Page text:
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Jemtine as far a calling me a moron, I will respond to your insult personally in e-mail.

The quiet that exists on the HF spectrum is a danger to sailors. As more people travel, it is good to have a trained group of people who know how to handle message traffic. These people who get their license now who you are so kindly refering to as morons, may be the ones who save you when you get in trouble out on the ocean. Should they say "oh, you are not sending your distress via morse code, you must not be in enough danger!" -. --- - .-.-.-
... --- -- . .--. . --- .--. .-.. . .... .- ...- . .- .... .-. -.. - .. -- . .... . .- .-. .. -. --. -... ..- - .- .-. . -. --- - -.. . .- ..-. .-.-.- - .... ..- ... -.-. .- -. -. --- - .--. .- ... ... .-.-.-
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Old 27-12-2006, 19:03   #8
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Quote:
Originally Posted by Jentine
The only thing that kept the radio morons off the HF bands was the requirement for CW (a system that can be learned in a matter of hours). Well, that is gone and any idiot that can read and pass the simple test will be able to plug the air ways with all manner of junk, just like they have done with the CB radio.
I suggest that anybody who wants to debate the merits of morse code testing should visit the forum at QRZ Ham Radio -- everything meaningful (and a lot that is not) has already been said many times over the past few years, but there is no shortage of people on both sides of the issue who are willing to continue the hate-fest. Apparently, it is acceptable to be mean-spirited there, but be assured that your tone will be returned in kind.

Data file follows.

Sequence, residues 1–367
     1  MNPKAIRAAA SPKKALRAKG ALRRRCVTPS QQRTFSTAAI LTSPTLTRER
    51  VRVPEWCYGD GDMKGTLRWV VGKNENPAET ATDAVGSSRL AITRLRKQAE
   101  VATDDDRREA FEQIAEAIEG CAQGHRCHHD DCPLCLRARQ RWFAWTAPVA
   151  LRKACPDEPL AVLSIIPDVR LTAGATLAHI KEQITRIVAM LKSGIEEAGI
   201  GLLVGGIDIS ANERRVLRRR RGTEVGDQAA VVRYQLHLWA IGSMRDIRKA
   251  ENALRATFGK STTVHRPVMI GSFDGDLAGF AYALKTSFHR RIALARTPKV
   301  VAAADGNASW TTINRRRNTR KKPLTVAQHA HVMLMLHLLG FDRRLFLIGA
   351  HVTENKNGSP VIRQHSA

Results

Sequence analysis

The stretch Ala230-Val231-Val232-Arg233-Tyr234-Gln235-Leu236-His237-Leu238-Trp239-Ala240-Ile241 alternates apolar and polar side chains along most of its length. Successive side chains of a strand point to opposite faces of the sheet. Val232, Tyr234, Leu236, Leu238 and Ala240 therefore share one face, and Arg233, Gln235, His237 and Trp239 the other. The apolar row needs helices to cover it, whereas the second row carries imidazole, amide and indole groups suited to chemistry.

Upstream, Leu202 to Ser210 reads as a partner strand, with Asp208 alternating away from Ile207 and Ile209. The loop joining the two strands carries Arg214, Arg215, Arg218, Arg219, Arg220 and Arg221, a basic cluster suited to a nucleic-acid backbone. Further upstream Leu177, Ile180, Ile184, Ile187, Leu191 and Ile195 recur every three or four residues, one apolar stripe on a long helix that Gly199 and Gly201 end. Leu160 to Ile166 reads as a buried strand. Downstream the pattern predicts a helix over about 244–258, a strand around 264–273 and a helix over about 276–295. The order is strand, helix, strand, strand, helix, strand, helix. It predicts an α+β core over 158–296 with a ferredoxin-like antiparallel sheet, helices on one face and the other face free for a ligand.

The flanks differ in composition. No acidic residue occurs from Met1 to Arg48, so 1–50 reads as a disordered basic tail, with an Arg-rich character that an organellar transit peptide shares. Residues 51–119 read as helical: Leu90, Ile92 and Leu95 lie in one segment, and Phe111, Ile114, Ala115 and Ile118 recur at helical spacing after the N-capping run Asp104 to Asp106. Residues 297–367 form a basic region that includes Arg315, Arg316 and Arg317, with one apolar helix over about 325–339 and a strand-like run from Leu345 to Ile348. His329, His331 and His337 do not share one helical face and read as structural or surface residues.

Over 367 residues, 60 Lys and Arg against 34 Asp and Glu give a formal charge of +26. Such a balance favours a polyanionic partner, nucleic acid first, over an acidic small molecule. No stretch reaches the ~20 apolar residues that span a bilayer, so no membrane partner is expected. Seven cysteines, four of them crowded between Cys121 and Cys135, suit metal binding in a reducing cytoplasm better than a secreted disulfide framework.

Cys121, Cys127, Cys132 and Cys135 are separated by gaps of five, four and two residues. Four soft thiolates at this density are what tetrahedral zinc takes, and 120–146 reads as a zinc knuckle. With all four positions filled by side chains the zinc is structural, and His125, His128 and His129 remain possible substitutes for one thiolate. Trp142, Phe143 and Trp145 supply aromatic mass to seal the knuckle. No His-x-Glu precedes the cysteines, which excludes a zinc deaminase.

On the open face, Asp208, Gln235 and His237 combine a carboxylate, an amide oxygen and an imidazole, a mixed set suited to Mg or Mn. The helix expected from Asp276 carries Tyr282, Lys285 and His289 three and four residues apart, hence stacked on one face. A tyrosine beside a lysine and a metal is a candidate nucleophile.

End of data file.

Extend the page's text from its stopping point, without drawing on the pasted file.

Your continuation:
To the extent that it is relevant to cruising, this is a reasonable place to discuss getting an amateur radio license, proper operating protocol, etc. I also do not appreciate being called a moron and an idiot, so please leave the personal insults out of the discussion.

p.s. For a more friendly amateur radio forum that is not overwhelmed with debates about morse code, see Ham Radio Forum :: Index. It's not as busy as qrz, but the participants are much friendlier.

edit: the forum changed what I typed. those links are www . qrz . com and www . hamforum . com
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Old 27-12-2006, 19:41   #9
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I had the pleasure to hear the FCC's Riley Hollingsworth, aka "Mister Enforcer", speak some time ago on this subject. He's the man in charge of sending out letters that say 'Dear Sir or Ma'am, please send us your radio and a check for ten thousand dollars and we'll think about letting you stay out of jail."